There is no one COVID experience. As nurses and healthcare services, our responses to it constantly evolved. They had to. Let me tell you five short stories about our regional hospital.
Our general medical ward became the COVID-testing ward. Overnight we were no longer a regular inpatient ward. We admitted patients and started their treatment while their swabs were pending. If their swabs returned negative results, we sent them to another ward. This meant we could have up to ten admissions and discharges in a day—a very fast turnover rate for a general medical ward of twenty-four beds. We also introduced a runner role to help with the higher levels of sickness we encountered—a nurse who fetched things for the COVID nurses.
Later, the ward was transformed into the primary ward for COVID-positive patients and it began to feel normal again—almost. Patients were restricted to their rooms, rather than walking along the corridor during the day. So many patients required high-flow oxygen and some needed McMonty hoods—transparent, plastic covers fitted over their hospital beds and their upper bodies to reduce the spread of the infection. We administered lots of intravenous anti-viral treatments and antibiotics for regular chest infections. Most of our patients stayed for a week or more—much longer than our pre-COVID patients.
Before the pandemic, our nursing care was holistic. We would be in and out of a patient’s room all day. We had tasks to do every hour and we would often spend time chatting to our patients. During COVID, we shifted to more task-orientated cluster care. We grouped tasks like patient observations, blood sugar levels and medications together, usually to coincide with mealtimes. This meant we entered patients’ rooms less frequently—reducing our exposure to the virus and reducing the amount of PPE we were using. (Of course, if a patient needed something outside these times, we would gown up and go in to assist.)
A MET or medical emergency team call on a COVID-positive patient was probably the worst part of COVID nursing. These patients were clinically unstable with either very high or very low blood pressure, pulse rates, respiratory rates, temperatures or oxygen levels. It was hot and sweaty wearing a plastic gown, an N95 face mask, goggles and gloves for more than an hour while caring for an unstable patient. Occasionally we had to rotate the nurses who were with the patient because the heat became intolerable.
We took up the idea from an ICU nurse of using a hands-free baby monitor. This allowed staff in the COVID room to communicate with staff outside without opening the door and exposing anyone to COVID. It was a big improvement on shouting through the door and it made MET calls feel much calmer.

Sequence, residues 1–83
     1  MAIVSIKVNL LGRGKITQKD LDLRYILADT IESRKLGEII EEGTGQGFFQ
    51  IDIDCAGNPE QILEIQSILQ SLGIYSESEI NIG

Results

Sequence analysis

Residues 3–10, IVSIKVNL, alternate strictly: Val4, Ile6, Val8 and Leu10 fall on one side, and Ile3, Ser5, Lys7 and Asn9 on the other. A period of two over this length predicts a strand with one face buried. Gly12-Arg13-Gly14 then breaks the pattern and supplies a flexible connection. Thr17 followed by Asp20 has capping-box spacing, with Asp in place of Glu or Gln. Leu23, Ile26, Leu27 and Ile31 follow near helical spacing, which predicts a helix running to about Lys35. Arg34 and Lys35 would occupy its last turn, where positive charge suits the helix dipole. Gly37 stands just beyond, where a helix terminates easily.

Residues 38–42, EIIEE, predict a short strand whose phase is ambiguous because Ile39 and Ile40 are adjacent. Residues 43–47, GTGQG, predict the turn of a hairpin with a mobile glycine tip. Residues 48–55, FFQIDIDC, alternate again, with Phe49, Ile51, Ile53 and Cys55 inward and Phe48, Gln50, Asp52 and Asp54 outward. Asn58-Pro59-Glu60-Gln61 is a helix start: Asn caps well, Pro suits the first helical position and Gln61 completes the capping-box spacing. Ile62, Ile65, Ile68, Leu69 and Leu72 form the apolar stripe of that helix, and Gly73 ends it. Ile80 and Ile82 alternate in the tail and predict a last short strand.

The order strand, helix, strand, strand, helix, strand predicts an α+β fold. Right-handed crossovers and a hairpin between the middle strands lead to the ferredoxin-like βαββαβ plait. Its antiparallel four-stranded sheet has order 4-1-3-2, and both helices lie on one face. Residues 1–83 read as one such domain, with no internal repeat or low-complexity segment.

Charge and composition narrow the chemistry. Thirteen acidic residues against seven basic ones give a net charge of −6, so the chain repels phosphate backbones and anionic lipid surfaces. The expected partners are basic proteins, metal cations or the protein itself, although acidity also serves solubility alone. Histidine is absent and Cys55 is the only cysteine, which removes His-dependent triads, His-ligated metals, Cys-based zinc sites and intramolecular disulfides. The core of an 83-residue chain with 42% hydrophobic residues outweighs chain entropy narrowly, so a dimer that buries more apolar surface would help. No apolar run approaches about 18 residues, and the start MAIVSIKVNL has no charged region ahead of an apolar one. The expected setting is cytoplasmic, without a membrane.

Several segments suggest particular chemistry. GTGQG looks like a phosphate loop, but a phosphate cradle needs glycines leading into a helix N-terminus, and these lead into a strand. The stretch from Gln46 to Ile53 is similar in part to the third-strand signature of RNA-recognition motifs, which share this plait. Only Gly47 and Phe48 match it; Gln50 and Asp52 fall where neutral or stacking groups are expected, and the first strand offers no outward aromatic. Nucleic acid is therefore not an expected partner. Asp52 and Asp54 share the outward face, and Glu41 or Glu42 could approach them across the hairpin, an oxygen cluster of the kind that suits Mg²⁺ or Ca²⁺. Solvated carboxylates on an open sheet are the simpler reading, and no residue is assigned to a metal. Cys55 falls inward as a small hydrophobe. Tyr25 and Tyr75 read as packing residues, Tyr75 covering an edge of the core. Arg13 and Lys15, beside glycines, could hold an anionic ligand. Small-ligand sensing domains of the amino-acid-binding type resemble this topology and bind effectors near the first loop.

We didn’t have enough scrub hats during the first lockdown, so we reached out to a local quilting group. The women in the group were wonderful. They were keen to make a tangible contribution to the COVID effort, so the hat project began. Soon other community members became involved, donating spare material, transporting material to the quilters, and bringing the finished hats to our ward.
The hats were in two distinctive styles: the bouffant surgical scrub cap was like a traditional chef’s hat—and great for tucking up long hair. The other was a reversible tie-back design. There were heaps of different fabric patterns: Spiderman, Harry Potter, alpacas, and purple fish in the sea. Who was wearing Star Wars or kittens, dogs or flowers became a talking point at the start of each shift. My favourite was a green hat capturing the flight of purple and pink butterflies.
Restricted to their rooms with no visitors and with less contact with nursing staff, our patients became isolated. We made time at the end of every morning shift to contact each patient’s family with a daily update. We also helped patients with phone and video calls—but we knew a video hug would never be as good as the real thing.
The best part of COVID was seeing patients receive real hugs from their families on discharge. It was also good for us. The load and stress of the work made us more prone to burnout. We loved seeing a patient discharged safely home, and we also looked forward to some well-earned, sweat-free days off.